Truck drivers essential for supplying stores quickly: Walmart Inc., pinched by the worsening shortage of truckers, plans to double its spending on attracting and retaining drivers by year-end. The retailer, whose private fleet of 6,500 trucks is one of the largest in the nation, will offer referral bonuses of up to $1,500, shorten the on-boarding process for new hires by more than a month and broadcast its first national TV ad focused on its 7,500 truckers. READ MORE


Hurricane Florence could wreak havoc on ag: If expectations are realized, Hurricane Florence has the potential to wreak havoc on food and fiber agriculture in the affected areas. Cotton is particularly vulnerable, given the phase of its growth. The storm, which intensified to Category 4 today and could strengthen further, is aiming toward North and South Carolina and is expected to stall, potentially causing massive flooding. Read more HERE, HERE, and HERE.


Future of food safety: By mid-summer, 2018 had already been a busy year on the food-safety front. Hit with a long list of recalls and high-profile outbreaks from a variety of sources—romaine lettuce, precut melon and veggie trays, fresh eggs, a cereal brand and McDonald’s salads among them—industry and consumers alike were reminded that victory remains elusive in the battle against foodborne illness. READ MORE


Open-source farming? In 2015, Caleb Harper, an MIT Media Lab research scientist, wowed the audience at a TED Conference in Geneva with his vision for personal food computers: automated, indoor hydroponic gardens capable of downloading and replicating the conditions needed to create perfect parsley, excellent escarole, and beautiful broccoli.

Vegans dissatisfied with food choices: Some 90 percent of U.S. vegetarians are considering veganism, even though half of U.S. vegans are dissatisfied with their food choices. With less structured diets trending among young consumers, food brands need to innovate and expand their offerings, according to a study from Ingredient Communications. READ MORE

Integrating chickens into vegetable crop rotations: Researchers are exploring how the integration of chickens into vegetable crop rotations may spark environmental and economic benefits for growers. The research, which is being carried out at Iowa State University, is looking at whether such practices can balance a range of concerns, including environmental sustainability, costs and food and animal safety. READ MORE


Wendy’s customers struggling: CNBC reports that despite a booming economy and low unemployment, Wendy’s customers are still struggling to spend. The company reports that nearly 40 percent of its consumers earn $45,000 and under in income, and they’re not experiencing wage growth to extent as the rest of the consumer base. READ MORE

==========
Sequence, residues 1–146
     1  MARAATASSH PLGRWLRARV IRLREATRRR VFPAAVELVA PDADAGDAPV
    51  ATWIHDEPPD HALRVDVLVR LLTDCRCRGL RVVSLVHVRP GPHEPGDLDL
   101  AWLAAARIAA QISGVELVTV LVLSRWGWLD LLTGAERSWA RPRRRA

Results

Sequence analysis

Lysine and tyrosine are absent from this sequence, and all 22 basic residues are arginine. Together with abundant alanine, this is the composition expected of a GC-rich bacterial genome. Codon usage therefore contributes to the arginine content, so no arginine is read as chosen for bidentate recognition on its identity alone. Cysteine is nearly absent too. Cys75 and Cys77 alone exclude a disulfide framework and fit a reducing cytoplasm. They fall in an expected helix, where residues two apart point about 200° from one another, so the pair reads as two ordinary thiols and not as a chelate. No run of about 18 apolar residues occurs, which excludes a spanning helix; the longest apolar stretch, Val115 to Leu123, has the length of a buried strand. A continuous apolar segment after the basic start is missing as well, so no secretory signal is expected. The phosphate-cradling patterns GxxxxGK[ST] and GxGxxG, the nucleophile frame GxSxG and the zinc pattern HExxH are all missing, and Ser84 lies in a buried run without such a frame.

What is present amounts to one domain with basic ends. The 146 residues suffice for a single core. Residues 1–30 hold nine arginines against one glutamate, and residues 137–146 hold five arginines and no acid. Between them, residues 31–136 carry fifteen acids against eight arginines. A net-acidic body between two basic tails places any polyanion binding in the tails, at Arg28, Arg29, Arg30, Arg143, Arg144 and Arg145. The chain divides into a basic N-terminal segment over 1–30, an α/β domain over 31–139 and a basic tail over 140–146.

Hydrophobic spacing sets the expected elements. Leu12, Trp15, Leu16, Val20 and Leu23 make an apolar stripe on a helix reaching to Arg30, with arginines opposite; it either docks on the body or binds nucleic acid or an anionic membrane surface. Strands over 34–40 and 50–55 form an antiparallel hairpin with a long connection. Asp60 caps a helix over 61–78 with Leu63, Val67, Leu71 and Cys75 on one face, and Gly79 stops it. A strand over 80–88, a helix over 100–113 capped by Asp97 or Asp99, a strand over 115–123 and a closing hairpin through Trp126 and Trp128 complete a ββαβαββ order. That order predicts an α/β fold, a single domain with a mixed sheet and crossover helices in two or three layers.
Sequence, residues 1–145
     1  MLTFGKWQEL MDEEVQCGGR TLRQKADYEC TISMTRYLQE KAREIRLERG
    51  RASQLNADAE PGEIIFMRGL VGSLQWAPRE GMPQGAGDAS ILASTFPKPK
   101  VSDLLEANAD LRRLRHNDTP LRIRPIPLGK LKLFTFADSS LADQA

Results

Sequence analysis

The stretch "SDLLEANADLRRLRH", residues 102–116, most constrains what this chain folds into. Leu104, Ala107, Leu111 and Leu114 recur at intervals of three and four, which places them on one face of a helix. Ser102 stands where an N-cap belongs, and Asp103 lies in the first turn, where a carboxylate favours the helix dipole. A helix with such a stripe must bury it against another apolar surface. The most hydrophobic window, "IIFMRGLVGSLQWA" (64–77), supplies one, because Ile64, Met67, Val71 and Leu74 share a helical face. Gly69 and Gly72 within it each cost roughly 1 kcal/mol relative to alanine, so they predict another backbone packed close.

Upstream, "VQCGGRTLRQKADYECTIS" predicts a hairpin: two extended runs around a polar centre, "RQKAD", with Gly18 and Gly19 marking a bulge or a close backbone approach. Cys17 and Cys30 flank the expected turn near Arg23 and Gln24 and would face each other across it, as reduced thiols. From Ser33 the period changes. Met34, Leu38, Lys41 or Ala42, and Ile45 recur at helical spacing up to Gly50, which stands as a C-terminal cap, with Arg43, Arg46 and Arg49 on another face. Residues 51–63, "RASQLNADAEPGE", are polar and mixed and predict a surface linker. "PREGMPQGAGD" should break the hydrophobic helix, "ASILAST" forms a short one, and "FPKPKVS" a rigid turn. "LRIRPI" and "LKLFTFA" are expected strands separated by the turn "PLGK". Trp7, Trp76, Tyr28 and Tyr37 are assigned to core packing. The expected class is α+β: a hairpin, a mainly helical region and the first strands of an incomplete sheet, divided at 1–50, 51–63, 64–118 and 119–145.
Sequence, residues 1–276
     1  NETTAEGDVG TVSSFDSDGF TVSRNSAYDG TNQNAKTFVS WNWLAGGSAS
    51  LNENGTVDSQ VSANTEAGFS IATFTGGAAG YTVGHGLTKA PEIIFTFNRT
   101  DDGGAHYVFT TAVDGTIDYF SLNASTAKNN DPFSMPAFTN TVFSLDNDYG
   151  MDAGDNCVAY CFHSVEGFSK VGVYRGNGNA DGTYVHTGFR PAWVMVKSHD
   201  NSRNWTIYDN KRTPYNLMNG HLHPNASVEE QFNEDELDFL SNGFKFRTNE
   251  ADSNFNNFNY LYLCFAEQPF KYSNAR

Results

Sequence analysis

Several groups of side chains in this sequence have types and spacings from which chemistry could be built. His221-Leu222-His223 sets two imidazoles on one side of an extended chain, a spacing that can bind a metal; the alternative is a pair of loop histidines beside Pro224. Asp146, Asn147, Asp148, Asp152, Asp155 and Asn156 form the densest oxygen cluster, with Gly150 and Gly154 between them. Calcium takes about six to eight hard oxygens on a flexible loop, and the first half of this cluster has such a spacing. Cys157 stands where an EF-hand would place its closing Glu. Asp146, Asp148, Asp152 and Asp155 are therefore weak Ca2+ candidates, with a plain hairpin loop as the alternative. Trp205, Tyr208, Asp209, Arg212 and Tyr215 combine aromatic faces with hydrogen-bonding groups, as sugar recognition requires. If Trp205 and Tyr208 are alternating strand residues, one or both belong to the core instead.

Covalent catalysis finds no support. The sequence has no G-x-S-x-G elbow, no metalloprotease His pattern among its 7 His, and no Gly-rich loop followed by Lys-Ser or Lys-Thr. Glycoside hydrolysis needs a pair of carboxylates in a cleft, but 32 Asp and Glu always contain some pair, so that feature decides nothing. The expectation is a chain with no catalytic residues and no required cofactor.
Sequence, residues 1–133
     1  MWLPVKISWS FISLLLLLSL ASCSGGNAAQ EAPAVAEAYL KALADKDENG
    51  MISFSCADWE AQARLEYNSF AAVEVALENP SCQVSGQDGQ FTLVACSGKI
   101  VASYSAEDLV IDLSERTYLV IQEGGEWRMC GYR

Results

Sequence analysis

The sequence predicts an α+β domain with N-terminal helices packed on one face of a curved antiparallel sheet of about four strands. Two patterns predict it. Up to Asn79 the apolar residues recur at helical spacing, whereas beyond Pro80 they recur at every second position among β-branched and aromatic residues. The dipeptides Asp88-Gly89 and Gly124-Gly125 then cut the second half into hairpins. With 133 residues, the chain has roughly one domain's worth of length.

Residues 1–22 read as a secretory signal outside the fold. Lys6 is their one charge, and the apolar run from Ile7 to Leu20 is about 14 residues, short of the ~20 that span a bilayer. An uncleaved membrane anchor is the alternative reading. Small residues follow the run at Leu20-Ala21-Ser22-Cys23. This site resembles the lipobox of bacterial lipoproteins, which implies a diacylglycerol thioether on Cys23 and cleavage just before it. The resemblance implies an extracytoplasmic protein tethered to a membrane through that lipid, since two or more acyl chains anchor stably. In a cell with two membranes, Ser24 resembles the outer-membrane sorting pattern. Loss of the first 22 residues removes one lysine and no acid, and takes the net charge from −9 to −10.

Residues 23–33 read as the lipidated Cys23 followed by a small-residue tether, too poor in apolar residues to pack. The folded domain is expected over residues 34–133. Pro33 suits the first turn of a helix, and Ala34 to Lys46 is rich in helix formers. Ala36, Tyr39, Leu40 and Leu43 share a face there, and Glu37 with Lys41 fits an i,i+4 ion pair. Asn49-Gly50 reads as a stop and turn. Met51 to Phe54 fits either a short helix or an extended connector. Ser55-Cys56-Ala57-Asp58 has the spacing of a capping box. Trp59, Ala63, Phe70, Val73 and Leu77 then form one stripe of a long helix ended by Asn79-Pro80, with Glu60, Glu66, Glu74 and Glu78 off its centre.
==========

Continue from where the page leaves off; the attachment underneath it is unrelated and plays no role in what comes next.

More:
Swine fever update: Officials in Japan say that pigs on a farm in Gifu Prefecture have tested positive for Classical Swine Fever (CSF), the first case to be discovered in that country in 26 years, according to a report by the Swine Health Information Center. The report comes as Japan’s neighbor, China, struggles to contain a widespread outbreak of African Swine Fever (ASF). READ MORE


Another pet food recall: Steve’s Real Food is recalling dog food and cat food because of possible contamination with Salmonella and/or Listeria monocytogenes. The company distributed the pet foods nationwide. READ MORE


Trouble in Argentina: Argentines are struggling in crisis in what was once one of the world’s most prosperous nations. Consumer prices are soaring, unemployment is high and the Argentine peso has plunged, bringing back haunting memories of the country’s economic meltdown in 2001 that pushed millions into poverty. READ MORE


Oops! Burgerville employees are going to have to express themselves with a little less flair now that the restaurant chain has revised its button policy after several employees came to work wearing political pins, offending some customers. Originally, the small Pacific Northwest burger chain did not have a written policy in place, which led to workers wearing “controversial” pins like “Abolish ICE” and “No one is illegal” while on shift. READ MORE


Cops suspect second Novichok bottle: A second dose of Novichok concealed in a perfume bottle is feared to lay undiscovered somewhere around Salisbury, England, after being dumped by two Russian assassins who targeted Russian double agent Sergei Scribal. British cops say they cannot be sure the counterfeit bottle of Nina Ricci perfume found by Charlie Rowley in Salisbury city centre was the same one used in the Scribal assassination attempt. READ MORE